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WASHINGTON (Feb 28, 2018) -
Patients with a history of breast cancer or lymphoma were more than three times as likely to develop heart failure—a condition in which the heart can't pump enough blood to meet the body's needs—compared with a similar group of patients who did not have cancer, according to data being presented at the American College of Cardiology’s 67th Annual Scientific Session.
A team of researchers at Mayo Clinic found the elevated risk of heart failure occurred as early as one year after cancer diagnosis and persisted 20 years after patients completed cancer therapy. Among those with cancer, having diabetes or receiving high doses of doxorubicin—a type of chemotherapy—were found to be especially risky for future heart health.
The study, part of Mayo Clinic’s Rochester Epidemiological Project, is one of the the first to the researchers’ knowledge to directly compare the rate of heart failure in cancer versus non-cancer patients who were well-matched for age, gender and heart disease risk factors, such as diabetes and high blood pressure. Researchers tracked heart failure cases in 1,550 people without cancer and in 900 breast cancer and lymphoma patients in Olmsted County, Minnesota, from 1985 to 2010. About 7 out of every 100 cancer patients developed heart failure during the median follow-up of 8.5 years. People with breast cancer or lymphoma were three times as likely to develop heart failure within five years of their cancer diagnosis, and 20 years following cancer treatment were still nearly twice as likely to have been diagnosed with heart failure compared to similar patients who didn’t undergo cancer therapy.
“The risk of heart failure doesn’t go away after a couple of years. It’s a long-term issue that patients need to discuss with their doctors and use as motivation to stay heart healthy,” said Carolyn Larsen, MD, assistant professor of medicine at Mayo Clinic and the study’s lead author. “Cancer patients need to have good primary care and cardiology follow-up to make sure all of their risk factors for heart disease are optimally controlled. They should also be assessed for signs and symptoms of heart failure every year so that they can be diagnosed and started on appropriate medical treatment early on.”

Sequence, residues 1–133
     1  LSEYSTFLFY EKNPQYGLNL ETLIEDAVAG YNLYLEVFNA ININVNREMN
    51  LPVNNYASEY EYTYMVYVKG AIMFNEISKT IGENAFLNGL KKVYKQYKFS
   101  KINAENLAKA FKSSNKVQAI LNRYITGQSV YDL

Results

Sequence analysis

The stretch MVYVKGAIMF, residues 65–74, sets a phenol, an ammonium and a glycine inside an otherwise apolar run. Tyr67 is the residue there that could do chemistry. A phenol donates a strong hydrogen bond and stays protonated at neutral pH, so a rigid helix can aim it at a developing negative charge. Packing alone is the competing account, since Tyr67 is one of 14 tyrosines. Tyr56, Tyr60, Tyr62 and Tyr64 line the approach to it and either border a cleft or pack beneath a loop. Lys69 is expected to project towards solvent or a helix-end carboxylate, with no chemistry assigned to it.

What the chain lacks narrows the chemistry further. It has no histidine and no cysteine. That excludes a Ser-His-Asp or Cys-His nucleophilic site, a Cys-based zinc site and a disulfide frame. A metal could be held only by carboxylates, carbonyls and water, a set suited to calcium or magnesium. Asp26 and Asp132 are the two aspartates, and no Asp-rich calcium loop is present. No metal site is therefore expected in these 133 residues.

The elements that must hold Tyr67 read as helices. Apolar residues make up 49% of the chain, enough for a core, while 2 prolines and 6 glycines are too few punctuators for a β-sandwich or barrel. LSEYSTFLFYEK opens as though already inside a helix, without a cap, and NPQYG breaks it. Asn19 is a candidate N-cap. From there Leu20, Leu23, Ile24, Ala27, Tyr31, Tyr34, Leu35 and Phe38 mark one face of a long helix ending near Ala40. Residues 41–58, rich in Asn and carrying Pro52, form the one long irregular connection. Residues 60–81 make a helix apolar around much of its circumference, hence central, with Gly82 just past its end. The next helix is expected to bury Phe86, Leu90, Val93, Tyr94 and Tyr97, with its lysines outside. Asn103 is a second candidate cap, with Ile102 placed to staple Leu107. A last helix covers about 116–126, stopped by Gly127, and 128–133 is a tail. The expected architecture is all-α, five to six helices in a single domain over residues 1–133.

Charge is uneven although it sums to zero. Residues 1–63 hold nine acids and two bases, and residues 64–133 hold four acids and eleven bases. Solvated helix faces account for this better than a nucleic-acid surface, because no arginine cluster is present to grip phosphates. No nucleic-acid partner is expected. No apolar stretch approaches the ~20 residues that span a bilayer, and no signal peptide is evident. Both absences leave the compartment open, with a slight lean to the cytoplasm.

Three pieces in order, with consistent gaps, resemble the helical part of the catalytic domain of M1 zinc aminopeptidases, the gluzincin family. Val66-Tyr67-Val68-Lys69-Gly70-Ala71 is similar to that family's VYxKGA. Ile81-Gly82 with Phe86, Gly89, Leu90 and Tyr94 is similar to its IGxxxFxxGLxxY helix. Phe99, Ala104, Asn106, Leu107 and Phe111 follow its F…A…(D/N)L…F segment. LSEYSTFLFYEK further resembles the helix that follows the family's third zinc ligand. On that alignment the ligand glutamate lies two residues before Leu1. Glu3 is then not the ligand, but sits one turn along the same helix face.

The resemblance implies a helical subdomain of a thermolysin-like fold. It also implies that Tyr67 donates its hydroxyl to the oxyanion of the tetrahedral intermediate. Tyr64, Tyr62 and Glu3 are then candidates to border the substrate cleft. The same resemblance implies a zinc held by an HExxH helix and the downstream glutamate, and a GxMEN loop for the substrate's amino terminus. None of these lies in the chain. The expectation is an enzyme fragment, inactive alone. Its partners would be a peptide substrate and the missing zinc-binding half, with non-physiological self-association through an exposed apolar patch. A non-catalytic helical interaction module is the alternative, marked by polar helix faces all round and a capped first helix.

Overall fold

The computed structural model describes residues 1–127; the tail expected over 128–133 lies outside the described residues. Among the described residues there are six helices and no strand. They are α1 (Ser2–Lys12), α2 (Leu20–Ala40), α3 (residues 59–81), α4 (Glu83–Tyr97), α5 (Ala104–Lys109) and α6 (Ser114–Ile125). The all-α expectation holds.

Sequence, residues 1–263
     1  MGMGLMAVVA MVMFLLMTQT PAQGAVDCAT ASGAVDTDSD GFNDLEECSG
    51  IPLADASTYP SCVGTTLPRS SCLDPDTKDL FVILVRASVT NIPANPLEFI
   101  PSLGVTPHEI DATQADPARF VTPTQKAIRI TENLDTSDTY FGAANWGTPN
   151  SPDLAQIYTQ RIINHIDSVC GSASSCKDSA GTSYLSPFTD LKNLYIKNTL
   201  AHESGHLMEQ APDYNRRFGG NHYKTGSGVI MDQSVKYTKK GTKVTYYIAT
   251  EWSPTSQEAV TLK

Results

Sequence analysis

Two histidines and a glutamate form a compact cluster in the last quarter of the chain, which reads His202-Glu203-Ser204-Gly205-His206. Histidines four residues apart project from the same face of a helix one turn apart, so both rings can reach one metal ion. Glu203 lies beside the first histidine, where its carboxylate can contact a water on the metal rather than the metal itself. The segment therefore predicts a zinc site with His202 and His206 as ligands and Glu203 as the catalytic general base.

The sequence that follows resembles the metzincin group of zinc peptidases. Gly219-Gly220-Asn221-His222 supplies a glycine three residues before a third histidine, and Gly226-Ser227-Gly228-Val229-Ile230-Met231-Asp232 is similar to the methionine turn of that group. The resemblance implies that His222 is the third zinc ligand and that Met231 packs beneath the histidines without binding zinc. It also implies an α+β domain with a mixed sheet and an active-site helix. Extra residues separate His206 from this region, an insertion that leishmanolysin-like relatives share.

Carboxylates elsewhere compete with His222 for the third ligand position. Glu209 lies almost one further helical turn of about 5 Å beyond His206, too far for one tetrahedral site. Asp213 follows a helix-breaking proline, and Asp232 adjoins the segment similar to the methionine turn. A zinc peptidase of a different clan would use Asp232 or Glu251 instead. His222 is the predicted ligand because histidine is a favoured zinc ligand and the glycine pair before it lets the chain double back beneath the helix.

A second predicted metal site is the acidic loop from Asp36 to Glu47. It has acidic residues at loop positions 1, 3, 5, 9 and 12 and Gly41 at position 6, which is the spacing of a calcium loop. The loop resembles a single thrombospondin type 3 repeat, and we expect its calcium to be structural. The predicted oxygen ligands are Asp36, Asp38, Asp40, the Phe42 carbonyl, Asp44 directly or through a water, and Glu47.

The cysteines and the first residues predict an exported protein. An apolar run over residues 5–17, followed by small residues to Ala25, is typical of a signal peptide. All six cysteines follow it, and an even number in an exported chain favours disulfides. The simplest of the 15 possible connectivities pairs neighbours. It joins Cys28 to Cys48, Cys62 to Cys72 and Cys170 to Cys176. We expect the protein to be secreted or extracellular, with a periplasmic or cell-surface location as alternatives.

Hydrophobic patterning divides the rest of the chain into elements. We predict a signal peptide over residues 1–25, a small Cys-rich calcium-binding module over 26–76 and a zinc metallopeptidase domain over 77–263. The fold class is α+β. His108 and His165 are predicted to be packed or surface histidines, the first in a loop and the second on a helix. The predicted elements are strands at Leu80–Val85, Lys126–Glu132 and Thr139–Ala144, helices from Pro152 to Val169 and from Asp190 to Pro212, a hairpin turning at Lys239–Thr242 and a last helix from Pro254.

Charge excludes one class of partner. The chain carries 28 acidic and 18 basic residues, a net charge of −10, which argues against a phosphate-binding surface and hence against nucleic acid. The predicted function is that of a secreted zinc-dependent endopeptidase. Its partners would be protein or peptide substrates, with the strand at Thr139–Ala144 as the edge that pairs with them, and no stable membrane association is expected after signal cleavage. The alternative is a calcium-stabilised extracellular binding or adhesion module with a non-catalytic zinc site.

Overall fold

Among those who had cancer, some had a higher likelihood of facing a heart failure diagnosis than others. For example, when controlling for multiple heart disease risk factors (e.g., age, diabetes, high blood pressure), receiving higher doses of doxorubicin (≥ 300 mg/m2) and diabetes emerged as the greatest risk factors in the studied population of cancer patients, more than doubling a patient’s risk of heart failure. Larsen said additional research is needed to determine why diabetes carries a greater risk than other traditional risk factors, such as high blood pressure, in this group.
Anthracycline drugs, such as doxorubicin, are known to cause heart failure because they cause changes in the DNA structure of the heart muscle cells, leading to irreversible cardiac damage. The damage is related to the cumulative dose of these drugs patients receive over the course of their treatment. In order to reduce the risk of heart damage, clinicians today use the lowest effective dose of anthracyclines or avoid anthracyclines all together when other equally effective treatment options are available.